Overblown

Overblown

Overblown

Printed.
Dec. 5 1998 3:30 AM

Overblown

Overblown Hurricane Mitch was deadly, but it didn't kill anywhere near 7,000 Hondurans.

By Edward Hegstrom
Edward Hegstrom is a free-lance journalist based in Guatemala City. He writes regularly for the Houston Chronicle, Miami Herald, Newsday, and other papers. By Edward Hegstrom
(posted Friday, Dec. 4, 1998)

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On Nov. 2, as journalists streamed into Nicaragua to report a landslide that killed nearly 2,000 people, Honduran President Carlos Flores went on television to remind the world of the calamity inflicted upon his country by the same storm, Hurricane Mitch. "There are corpses everywhere, victims of landslides or of the waters," Flores said, making an appeal for massive international aid. "The most conservative calculations of the dead are in the thousands, not in the hundreds." That same day, the official Honduran death toll went from 246 to 5,000. It later reached a high of 6,748 confirmed dead.

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A postscript to my own reporting about the mass grave in Tegucigalpa: The story turns out to be false. City morgue officials explain that the storm damaged their freezer so they dug a mass grave to stow the corpses that had sat unclaimed in the morgue for months before the storm.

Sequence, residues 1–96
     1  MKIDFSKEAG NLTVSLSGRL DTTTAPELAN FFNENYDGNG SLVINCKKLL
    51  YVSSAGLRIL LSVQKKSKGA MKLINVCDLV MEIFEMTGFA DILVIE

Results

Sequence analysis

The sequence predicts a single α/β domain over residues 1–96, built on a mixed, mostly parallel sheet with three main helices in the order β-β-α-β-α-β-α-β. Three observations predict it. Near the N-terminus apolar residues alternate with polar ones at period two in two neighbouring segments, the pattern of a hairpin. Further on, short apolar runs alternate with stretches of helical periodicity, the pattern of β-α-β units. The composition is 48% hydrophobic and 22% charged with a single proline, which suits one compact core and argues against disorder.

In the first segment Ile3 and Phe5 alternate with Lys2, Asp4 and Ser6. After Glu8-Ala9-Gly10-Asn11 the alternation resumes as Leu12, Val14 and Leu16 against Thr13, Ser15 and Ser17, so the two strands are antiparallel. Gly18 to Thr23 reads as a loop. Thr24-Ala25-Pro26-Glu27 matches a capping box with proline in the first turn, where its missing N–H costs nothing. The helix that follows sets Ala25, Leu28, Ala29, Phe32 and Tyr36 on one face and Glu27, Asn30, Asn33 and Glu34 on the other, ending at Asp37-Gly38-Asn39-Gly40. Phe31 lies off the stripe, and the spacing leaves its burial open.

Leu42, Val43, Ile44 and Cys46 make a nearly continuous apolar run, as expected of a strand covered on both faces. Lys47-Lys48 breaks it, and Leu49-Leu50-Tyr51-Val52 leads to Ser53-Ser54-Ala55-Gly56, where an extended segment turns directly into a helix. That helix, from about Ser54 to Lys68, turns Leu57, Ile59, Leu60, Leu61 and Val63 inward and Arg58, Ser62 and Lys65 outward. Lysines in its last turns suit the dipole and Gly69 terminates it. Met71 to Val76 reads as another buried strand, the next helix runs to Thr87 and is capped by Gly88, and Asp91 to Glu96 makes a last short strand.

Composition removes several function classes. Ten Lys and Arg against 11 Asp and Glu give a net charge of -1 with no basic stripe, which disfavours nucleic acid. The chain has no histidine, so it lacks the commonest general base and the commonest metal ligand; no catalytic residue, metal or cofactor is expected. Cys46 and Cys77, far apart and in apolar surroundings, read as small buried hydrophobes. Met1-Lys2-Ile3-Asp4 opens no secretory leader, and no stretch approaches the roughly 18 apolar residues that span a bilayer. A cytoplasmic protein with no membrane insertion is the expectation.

At last count, the Honduran government had deflated its official death count to 5,657.
Links The Miami Herald and USA Today have created archives of news stories about Mitch. (These archives include the Herald story that first questioned official casualty numbers and a USA Today piece reporting that Honduras has suspended a local governor for inflating her region's death toll.) If you're interested in the physics of a hurricane, click here to download animated illustrations of "The Anatomy of a Hurricane" and what would happen to a home in each category of hurricane. And the American Red Cross wants to know: " Are You Ready for a Hurricane?" Edward Hegstrom is a free-lance journalist based in Guatemala City. He writes regularly for the Houston Chronicle, Miami Herald, Newsday, and other papers.

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Illustrations by Mark Alan Stamaty.